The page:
News

10 Sep 2020

Getting a Piece of the Pie

What are these ‘shovel ready’ projects and how do you get in on the action?

The New Zealand Government have earmarked $3 billion for ‘shovel ready’ infrastructure projects. They established an Infrastructure Reference Group to work with local councils and businesses to identify projects to support the economy during the COVID-19 rebuild. Cabinet then decided the key sectors and regional breakdown of funds with more than 150 projects worth $2.6 billion being approved, admittedly always with the caveat ‘in principal’.

The shovel-ready aspect referred to the requirement that the projects would be ready to go within six to twelve months. The investment package included spending $464 on housing and urban development, $460m on environmental projects, $670 on community and social development, and $708m on transport projects. Projects announced so far do include a lot of cycleways, the New Zealand go-to for an economic rebuild, but many others could potentially have audio-visual components – the schools, the hospitals, the sports centres, the construction projects.

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The turnaround on the Registration of Interest and the Request for Proposals (RFP) on these projects is intended to be fast. Rather than go out to tender every time, some councils are looking to establish ‘approved’ partners to reduce the number of companies in the running. They are leaning towards ‘ECI’ or Early Contractor Involvement projects where the contractor has more input on the design to minimise issues with the programme further down the line. Contractors are seeking subcontractors who cannot only provide the price for a job in a matter of days, but also can quickly provide the information to support the other documentation requested during the tendering process. Where time is of the essence, having your attributes on paper, in good order, and up-to-date could pay dividends.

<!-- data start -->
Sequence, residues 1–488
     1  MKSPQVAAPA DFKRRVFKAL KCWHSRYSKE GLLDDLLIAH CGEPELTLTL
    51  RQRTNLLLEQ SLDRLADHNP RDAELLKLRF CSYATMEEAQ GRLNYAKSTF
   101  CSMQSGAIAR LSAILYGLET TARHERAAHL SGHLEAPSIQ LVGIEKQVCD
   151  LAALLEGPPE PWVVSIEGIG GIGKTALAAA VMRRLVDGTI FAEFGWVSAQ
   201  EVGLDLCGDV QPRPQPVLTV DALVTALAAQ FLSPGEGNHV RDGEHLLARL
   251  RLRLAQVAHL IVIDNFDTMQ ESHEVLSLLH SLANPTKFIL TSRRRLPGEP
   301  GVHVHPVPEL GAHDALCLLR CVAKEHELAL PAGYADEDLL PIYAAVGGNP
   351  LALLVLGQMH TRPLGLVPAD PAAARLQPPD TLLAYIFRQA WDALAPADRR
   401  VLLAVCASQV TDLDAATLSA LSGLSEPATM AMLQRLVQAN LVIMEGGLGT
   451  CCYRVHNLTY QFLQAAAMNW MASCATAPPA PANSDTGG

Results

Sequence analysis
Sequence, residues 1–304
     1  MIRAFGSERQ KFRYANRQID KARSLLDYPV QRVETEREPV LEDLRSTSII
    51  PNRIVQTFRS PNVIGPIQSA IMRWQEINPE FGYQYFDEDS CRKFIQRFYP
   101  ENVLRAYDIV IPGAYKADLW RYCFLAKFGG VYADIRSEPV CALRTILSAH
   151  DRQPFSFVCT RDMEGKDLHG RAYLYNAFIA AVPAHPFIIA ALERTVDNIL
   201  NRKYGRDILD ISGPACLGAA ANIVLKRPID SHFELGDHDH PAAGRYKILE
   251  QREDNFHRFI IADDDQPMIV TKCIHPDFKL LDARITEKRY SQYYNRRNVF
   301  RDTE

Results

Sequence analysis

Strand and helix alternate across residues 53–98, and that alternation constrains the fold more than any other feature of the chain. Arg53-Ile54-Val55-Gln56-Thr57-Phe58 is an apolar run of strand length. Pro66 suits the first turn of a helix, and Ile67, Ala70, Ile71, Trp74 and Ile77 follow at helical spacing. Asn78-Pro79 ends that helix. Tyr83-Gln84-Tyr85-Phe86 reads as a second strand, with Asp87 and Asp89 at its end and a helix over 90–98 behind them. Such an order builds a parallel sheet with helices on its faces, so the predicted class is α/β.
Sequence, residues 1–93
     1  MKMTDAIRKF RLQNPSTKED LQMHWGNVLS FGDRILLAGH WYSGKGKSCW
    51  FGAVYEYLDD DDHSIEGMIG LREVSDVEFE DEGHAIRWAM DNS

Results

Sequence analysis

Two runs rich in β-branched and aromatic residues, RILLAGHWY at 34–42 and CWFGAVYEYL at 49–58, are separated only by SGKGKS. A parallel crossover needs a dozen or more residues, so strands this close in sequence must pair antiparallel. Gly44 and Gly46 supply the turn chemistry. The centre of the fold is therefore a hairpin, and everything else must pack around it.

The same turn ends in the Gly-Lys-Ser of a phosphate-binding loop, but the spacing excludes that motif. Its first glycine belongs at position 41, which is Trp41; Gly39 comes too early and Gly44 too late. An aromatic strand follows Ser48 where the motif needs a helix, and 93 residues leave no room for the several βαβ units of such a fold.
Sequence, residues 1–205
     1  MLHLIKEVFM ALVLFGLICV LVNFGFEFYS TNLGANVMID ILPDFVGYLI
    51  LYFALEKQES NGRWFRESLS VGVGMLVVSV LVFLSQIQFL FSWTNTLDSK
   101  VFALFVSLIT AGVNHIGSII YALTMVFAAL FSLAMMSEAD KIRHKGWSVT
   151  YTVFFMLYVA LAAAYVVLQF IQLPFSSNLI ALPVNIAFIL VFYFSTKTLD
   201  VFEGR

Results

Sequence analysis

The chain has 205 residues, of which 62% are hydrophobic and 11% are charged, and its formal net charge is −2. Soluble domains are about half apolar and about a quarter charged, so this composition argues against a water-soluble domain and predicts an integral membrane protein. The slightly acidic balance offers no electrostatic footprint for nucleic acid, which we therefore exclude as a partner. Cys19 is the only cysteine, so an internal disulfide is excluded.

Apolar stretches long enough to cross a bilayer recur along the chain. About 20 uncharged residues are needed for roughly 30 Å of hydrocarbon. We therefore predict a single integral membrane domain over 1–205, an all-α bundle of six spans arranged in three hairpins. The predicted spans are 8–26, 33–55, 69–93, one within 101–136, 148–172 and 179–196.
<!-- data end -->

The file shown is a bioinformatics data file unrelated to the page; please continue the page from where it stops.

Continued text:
There are a number of things that you can do to improve your chances of being in the running for a piece of the pie. Firstly, make sure you do not miss the tenders when they come out. Even if you are  already signed up to the New Zealand Government Electronic Tenders Service (GETS), check that you are subscribed to the appropriate tender notifications and maybe broaden the location settings. Touch base with contractors that you do or could potentially work with and ensure that they are aware of your capabilities.

Review your paperwork. Write up your recent projects. Many RFPs restrict relevant experience to the last three years. Have a selection of projects that are ready to go, with client testimonials, feedback surveys, and photos. Bring out where you have been involved in the design process, or added value, or innovated for the benefit of the client.

Pull together your staff curriculum vitae and update them, including the recent projects. Your staff score points for having been involved in the relevant projects. Add in all the recent training that you have undertaken – that first aid course, SiteSafe, confined space training and so on. Update your qualifications. They all score points, and if your competitors are doing it, you need to too.

Collate all your quality, health and safety, sustainability and environmental certificates. There is a push for the shovel-ready projects to be sustainable, so you may look at working towards further certification. Note though that sustainability wears many hats, so for some councils it can be more on the ‘green’ side, whereas for others it is of an economic nature, and they want to see companies making a concerted effort to give back financially to the local community by employing locals and supporting community initiatives.

For many small to medium businesses, the head contractor will tick these boxes on your behalf, but where a subcontractor is taking on over ten percent of the scope of the project, the tendering bodies are asking to see a lot more information. Make your life easier by getting the paperwork sorted in advance – as we all know, RFPs always seem to hit your desk on the busiest weeks of the year.

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